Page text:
Monday, May 23, 2005

Now we get to the real issue, I think

Jackmoron commented on a recent post here, saying
but so many teachers and parents simply don't know what kinds of plusses and minusses there are in an online life--and think, not unreasonably, when it comes down to it, that the kind of publicness that comes with writing online might be inappropriate or dangerous for an child.
I think this is a very important point - and maybe where our emphasis should be now. How do we educate parents and teachers about blogging, the Internet and technology in general?

As I think I have mentioned before, I am almost 55 years old; so my involvement with blogging cannot be blamed on the fact that I am young. How did I become involved in blogging? Why do I feel that online tools are invaluable in my classroom? I have to admit that my 60 year old husband was involved on-line long before I was. Why? I think we both became involved because of a basic attitutde toward technology - we love it. This may, in part, come from the fact that our last child only turned 18 this year. He is a videogame fanatic. But I think it is something else, too.

I think we are so interested in technology because we have lived in many different countries and have moved a lot when we are in the US. We haven't had all the "distractions" of family close by and a house to take care of. We welcomed email once we had access to it because it made communicating with family and friends in other parts of the world so much easier.

As for me, my interest in blogging was fanned by my love of writing. I have always expressed myself better on paper than in person. So blogging has given me a forum that I would never have seized otherwise. My husband, on the other hand, doesn't write anything if he can avoid it, but he loves to talk. He posts to discussion forums and has a lively group of friends with whom he "talks" regularly. And he reads blogs and comments on them, too.

So we may be slightly unique in our reasons for getting involved with technology. The question is, then, how do we educate teachers and parents who are more "regular" than my husband and I are?

As a teacher, I can say that a lot of it depends on an institutional attitude of openness to technology. As my institution becomes more innovative and more tech savy, it becomes easier for me to use more technology. And as more people in my institution use more technology on a regular basis, it becomes easier to convince others to give it a try. But looking at my own institution, I know that even though I will increase my use of technology in my classes again this coming year, almost no one else in the institution will follow suit. Unless the administration takes the time and money to educate all faculty about what the possibilities are, few people will find out for themselves. So we are back to that institutional attitude again.

As for parents, it is trickier. We live in such a climate of fear in this country right now, that I wonder if most parents could see past the possible dangers to see the value in blogging. Until we can move past that fear -- which recent events involving children prove is not ungrounded -- this is going to be a tough sell. I think that as schools come to embrace blogging more, parents will naturally be educated about it. Schools will send out permission slips like this one created by Lori Deucher Yum (linked by Anne Davis). Gradually parents will learn what blogging is and isn't and how to protect their children better at home as well as at school. But if schools don't take the lead, it will not happen.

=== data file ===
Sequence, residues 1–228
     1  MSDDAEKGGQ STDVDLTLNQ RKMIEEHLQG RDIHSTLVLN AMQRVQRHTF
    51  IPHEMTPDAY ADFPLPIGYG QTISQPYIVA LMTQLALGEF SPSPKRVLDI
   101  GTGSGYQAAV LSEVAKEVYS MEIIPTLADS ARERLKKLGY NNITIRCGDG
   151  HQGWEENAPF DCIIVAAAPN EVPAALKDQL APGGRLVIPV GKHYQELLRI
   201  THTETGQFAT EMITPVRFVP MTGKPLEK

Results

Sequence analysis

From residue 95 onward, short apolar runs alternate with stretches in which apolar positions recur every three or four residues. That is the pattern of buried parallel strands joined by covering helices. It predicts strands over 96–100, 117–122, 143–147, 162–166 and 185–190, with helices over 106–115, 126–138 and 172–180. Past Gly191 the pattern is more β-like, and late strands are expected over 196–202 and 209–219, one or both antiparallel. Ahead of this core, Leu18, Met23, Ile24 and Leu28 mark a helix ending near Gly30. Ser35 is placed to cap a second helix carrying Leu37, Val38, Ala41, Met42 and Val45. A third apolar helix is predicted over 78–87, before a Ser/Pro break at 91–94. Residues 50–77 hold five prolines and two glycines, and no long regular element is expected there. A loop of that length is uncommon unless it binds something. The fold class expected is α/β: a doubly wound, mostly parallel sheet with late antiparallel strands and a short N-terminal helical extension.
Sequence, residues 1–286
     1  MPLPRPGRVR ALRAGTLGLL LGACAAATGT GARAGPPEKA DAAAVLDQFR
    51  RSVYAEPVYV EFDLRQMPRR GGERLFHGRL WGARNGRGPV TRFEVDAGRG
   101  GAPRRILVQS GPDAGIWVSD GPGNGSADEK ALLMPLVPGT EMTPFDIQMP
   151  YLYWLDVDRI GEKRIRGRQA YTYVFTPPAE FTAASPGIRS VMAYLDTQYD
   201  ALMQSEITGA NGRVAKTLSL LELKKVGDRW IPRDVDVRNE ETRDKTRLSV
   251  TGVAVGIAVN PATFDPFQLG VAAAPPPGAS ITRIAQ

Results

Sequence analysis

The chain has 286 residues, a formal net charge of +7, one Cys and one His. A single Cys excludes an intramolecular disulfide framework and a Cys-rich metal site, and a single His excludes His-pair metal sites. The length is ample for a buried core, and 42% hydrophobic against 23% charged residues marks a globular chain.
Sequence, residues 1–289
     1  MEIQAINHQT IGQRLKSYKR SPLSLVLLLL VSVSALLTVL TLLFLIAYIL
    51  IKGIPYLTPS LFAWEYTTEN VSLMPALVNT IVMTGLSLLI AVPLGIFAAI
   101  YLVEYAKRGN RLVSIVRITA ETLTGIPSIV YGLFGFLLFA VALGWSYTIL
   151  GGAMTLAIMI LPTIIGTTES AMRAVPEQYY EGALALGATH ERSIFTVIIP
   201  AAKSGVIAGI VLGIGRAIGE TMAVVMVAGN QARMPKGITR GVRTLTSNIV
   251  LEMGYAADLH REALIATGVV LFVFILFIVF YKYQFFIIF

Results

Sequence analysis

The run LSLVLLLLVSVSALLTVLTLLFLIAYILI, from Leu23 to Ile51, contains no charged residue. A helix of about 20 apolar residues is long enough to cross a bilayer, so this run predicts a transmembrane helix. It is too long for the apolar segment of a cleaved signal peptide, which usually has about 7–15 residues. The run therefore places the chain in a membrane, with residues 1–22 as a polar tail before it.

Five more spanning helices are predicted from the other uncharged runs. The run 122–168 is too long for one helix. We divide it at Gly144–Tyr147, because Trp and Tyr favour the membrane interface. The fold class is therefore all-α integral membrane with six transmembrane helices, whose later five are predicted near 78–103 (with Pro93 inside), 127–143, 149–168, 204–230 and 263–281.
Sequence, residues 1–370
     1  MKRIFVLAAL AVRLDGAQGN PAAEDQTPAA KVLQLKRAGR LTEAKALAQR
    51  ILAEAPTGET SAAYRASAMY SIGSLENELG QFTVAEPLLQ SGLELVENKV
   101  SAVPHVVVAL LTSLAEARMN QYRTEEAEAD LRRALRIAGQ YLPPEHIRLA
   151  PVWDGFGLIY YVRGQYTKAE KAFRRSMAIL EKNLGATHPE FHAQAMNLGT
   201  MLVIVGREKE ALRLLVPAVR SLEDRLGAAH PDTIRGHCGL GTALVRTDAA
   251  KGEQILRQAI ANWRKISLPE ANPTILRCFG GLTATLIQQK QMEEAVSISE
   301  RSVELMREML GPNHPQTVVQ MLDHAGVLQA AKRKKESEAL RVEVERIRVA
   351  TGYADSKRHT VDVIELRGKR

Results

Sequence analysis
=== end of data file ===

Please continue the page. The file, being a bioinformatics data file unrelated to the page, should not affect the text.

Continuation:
Marilee Scott said...

Chalking the concern up to familiarity with technology might be slightly too simplistic. When I look back on my childhood, I'm astounded at how insular it was: my mother knew my friends, their parents, my teachers, their opinions, and I mostly stayed close to home.

With the internet, a kid can roam far from home; with a blog, a kid can open him or herself up to public comment in a way that the physical community would be embarrassed to be caught doing. I know that I didn't really have any sense of "the public sphere" until about 17. Maybe kids these days are better able to move around in this intimidating---trackable--world, but I do wonder whether a certain and perhaps limited familial protection against the aggressive publicness that will increasingly await them might not be a good thing.

Nathan Lowell said...

My 6 year old came to me the other week and said, "Dad, you need to build me a blog."

"Why do you want a blog?"

"I need a place to write my stories so I can go back to them later."

Ok. We set up a blog on one of the public spaces and I put her blog on my aggregator. I see what she writes and when she writes.

My 9 year old wanted one, too. So I did the same thing.

I learned that my kids posted too much and I worked with them to show them what was safe. I didn't tell them they couldn't blog and I didn't tell them they needed to blog "this way" or "that way."

The elder daughter has lost interest, but the younger periodically writes a new story.

Are they at risk? Of course. Every day they cross streets, play in the yard, go to school, and come home again. Every week they are exposed to hundreds of risks. Falling down, breaking bones. Insect bites (we have West Nile Virus here) and snake venom (rattlers, too).

Can I keep them in boxes? Sure.

But do I do them any favors?